The Decaturian is Millikin's student-run newspaper. The opinions reflected may not be those of Millikin as an institution.

The Decaturian

The Decaturian is Millikin's student-run newspaper. The opinions reflected may not be those of Millikin as an institution.

The Decaturian

The Decaturian is Millikin's student-run newspaper. The opinions reflected may not be those of Millikin as an institution.

The Decaturian

My One Minute Career on the “A” Team


Mt. Zion athletics has long been known for producing solid, fundamentally sound basketball players. The school often wins the Apollo Conference championship, sometimes quite easily. Many of the athletes have competed and trained for years to compete at the college level.

I was not destined to be one of these athletes, specifically in basketball. In fact, I ended my varsity career scoring more points for my opponent than my own team.

This embarrassing event took place when I was in fourth grade.

Clearly, it was very traumatizing, as I have not forgotten the event at the age of 20.

Story continues below advertisement

From fourth to sixth grade or so, our travel basketball team had two teams. There was the “A” team, also known as the black team, because they wore black jerseys, and the “B” team, also known as the red team, wearing the color red.  

I was a veteran starter for the red team, never having been talented enough to shine in the big leagues. 

I did not hate being on the red team, because I knew that I would not get any playing time on the black team. I was perfectly happy being average. I knew that I would be miserable if I even got playing time on the black team, because I could have never kept up with the players of opponents’ “A” teams. 

However, an opportunity came my way when the black team traveled to a tournament and needed players to fill their roster. Although I wasn’t too thrilled about sitting on the bench for an entire tournament, I didn’t have a choice but to go. Who knows, maybe my brother would get playing time and make an impact that I never would.  

The tournament begins. During the first two games, I didn’t see a second of action. I don’t remember if we won the games, because I was not paying attention. I was simply waiting for the day to be over so we could go grab the fast food I was promised before the tournament began.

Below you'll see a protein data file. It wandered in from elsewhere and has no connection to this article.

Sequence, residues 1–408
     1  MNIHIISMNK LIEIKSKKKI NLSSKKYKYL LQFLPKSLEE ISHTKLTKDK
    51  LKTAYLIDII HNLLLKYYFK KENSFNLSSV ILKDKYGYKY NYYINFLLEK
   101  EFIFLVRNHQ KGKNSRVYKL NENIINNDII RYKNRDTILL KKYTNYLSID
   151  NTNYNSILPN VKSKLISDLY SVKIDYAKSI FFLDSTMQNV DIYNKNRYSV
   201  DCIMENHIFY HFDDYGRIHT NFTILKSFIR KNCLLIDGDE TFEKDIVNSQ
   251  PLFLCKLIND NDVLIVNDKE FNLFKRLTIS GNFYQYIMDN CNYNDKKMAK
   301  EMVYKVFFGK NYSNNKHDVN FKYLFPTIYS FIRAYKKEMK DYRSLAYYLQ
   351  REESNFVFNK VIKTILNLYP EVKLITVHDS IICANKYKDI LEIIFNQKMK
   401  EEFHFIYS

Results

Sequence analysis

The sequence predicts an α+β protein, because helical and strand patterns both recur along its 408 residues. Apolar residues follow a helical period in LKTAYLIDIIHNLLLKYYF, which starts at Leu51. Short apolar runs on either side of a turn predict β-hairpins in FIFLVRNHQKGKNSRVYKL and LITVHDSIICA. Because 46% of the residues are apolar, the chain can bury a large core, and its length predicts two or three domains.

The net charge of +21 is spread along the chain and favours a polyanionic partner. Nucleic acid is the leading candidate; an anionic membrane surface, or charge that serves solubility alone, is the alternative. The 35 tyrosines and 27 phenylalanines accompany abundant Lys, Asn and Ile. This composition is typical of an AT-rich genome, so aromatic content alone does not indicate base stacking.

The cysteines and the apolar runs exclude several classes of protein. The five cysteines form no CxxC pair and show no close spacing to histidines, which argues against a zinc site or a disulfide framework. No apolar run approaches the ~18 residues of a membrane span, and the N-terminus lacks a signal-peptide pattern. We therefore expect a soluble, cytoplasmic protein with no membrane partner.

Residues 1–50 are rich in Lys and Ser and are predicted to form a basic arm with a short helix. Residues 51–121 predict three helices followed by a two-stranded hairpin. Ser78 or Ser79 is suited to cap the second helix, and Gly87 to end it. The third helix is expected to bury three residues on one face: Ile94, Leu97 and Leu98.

The third game rolls around, and our team is down big, leading to me being even more clocked out than before. In hindsight, this was very stupid of me as I would only see the floor if our team was up or down big.  

Eventually, coach motions for me to go into the game. I check to make sure that he isn’t pointing at someone behind me, then I reluctantly take the floor, the start of my “A” team career. 

This is where things went horribly wrong.

This is the single most embarrassing thing that has ever happened to me during any sports competition.  

I have false started in track, missed tackles in football, stepped over a base in baseball, but none is more embarrassing than this. 

I go to catch the inbound pass, unsure of what is taking place in the game itself. I take possession of the ball right below the hoop, and I score the basket.  A classic Mike Breen “BANG” call plays on repeat in my head, as I have finally inserted myself into the scoring column. 

“Wow,” I thought to myself. “That was easy. Why was no one guarding me?” 

I was so proud of myself. I had finally scored for the “A” team. I ran back on what I thought was the defensive side of the court only to get benched immediately. 

My coach told me that I scored a basket for the other team. There was nobody guarding me because I was under my team’s basket. If I am completely honest looking back, I am surprised I didn’t blow the layup. That is the only thing that could have made my situation worse. 

I understandably did not play another minute for the rest of the tournament. My only job was to finish out the game without making too many mistakes, and I carried out the single most embarrassing mistake imaginable. 

And that is how my “A” team career ended. I never got promoted again, and I spent the rest of my basketball career trying to recover from the fact that I helped the opposing team more than I ever helped my own team. 

Leave a Comment
About the Contributor
Kemper Koslofski
Kemper Koslofski, Editor-in-Chief
Kemper Koslofski serves as the current Editor-in-Chief for the Decaturian. Born and raised in Decatur, he is very passionate about journalism and the opportunities that it can provide its writers and readers. Kemper also serves as a Fellowship of Christian Athletes (FCA) leader on campus. Editor-in-Chief: January 2023-Present Sports Editor: March 2023-December 2023

Comments (0)

All The Decaturian Picks Reader Picks Sort: Newest

Your email address will not be published. Required fields are marked *